According to figures released by Bicycle Victoria about 16% of Melbourne's central business district (CBD) is devoted to car use. Soon an inchy-winchy portion of that will be given over to bicycles, as the southern Australian city gets it own Euro-style bike lanes. The ones that "separate cyclists and car traffic by putting a parking lane between them." As the pic from Copenhagen indicates. These new-style lanes, which'll cost more than $500,000 AUD, will be two metres (6.5 ft) wide and 50 centimetres (20 inches) lower that the footpath. It is hoped the extra width will help eliminate the 'door prize' of a car passenger opened their door just as a cyclist happens by. Bike Vic also reckon that "Melbourne CBD has some of the most popular cycling streets and shared paths in Australia. There are about 12,000 cycle trips into and out of Melbourne's CBD each weekday, despite the [current] lack of any marked bicycle facilities into and through the CBD itself." They go on to cite that the "European experience shows that a bike lane can carry 12,000 people an hour — in this time a car lane can only carry 4,000 vehicles. Using bicycles for trips in congested parts of the city is like switching from dial up to broadband." The newspaper article that brought us the news suggests that "on average, 1000 cyclists a year are admitted to hospital after accidents. Some 200 end up in hospital after a collision with a car," but neglects to say whether these are national, state or city figuresl. If the bike path trial is successful, the state's road utility, VicRoads, may consider making more of them. And who said pigs couldn't fly? Via ::The Age.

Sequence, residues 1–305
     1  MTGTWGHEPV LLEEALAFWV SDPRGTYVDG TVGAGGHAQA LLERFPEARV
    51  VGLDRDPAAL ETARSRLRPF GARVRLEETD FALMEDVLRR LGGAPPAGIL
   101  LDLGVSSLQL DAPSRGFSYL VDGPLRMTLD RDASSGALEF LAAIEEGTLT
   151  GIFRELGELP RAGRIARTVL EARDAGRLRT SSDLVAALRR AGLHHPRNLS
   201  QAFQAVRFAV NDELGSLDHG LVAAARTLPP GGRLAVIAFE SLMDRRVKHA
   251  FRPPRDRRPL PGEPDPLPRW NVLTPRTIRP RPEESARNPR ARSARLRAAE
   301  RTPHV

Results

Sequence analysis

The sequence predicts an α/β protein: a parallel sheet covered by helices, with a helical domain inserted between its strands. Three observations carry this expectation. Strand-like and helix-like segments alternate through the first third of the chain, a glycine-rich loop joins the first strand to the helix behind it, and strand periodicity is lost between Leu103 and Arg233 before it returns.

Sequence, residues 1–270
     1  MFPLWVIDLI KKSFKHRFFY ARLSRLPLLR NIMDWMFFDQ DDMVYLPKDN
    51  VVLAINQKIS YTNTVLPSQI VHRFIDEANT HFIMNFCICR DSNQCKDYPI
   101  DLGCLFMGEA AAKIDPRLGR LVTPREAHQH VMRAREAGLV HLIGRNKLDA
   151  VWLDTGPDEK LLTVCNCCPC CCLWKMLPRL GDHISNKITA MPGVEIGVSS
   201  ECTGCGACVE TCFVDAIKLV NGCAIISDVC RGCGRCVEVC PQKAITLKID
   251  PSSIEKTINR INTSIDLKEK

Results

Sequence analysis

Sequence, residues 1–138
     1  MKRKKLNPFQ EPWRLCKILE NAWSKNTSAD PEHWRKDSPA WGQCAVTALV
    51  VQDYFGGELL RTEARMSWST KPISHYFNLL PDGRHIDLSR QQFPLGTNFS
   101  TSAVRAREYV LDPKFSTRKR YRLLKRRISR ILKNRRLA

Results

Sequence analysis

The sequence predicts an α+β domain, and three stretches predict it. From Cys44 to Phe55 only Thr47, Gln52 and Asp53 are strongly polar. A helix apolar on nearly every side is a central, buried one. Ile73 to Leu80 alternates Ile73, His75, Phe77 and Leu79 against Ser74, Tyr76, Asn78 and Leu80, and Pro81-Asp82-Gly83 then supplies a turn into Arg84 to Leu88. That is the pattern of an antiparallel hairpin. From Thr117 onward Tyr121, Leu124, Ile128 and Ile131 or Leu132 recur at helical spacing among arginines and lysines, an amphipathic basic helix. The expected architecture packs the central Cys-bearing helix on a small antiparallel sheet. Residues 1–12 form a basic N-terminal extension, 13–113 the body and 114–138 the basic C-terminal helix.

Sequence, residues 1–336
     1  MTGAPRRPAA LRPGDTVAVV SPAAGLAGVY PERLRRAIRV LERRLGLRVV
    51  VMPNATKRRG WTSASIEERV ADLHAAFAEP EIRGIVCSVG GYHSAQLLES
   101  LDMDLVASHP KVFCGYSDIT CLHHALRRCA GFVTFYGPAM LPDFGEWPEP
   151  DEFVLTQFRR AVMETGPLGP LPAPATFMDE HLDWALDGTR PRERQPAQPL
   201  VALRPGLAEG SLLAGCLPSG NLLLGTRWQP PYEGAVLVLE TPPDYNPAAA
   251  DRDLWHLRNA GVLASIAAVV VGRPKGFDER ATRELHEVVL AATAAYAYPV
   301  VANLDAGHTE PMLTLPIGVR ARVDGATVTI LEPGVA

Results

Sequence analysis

European Bike Paths Travel South to the Antipodes
According to figures released by Bicycle Victoria about 16% of Melbourne's central business district (CBD) is devoted to car use. Soon an inchy-winchy portion of that will be given over to bicycles, as the southern Australian city gets it own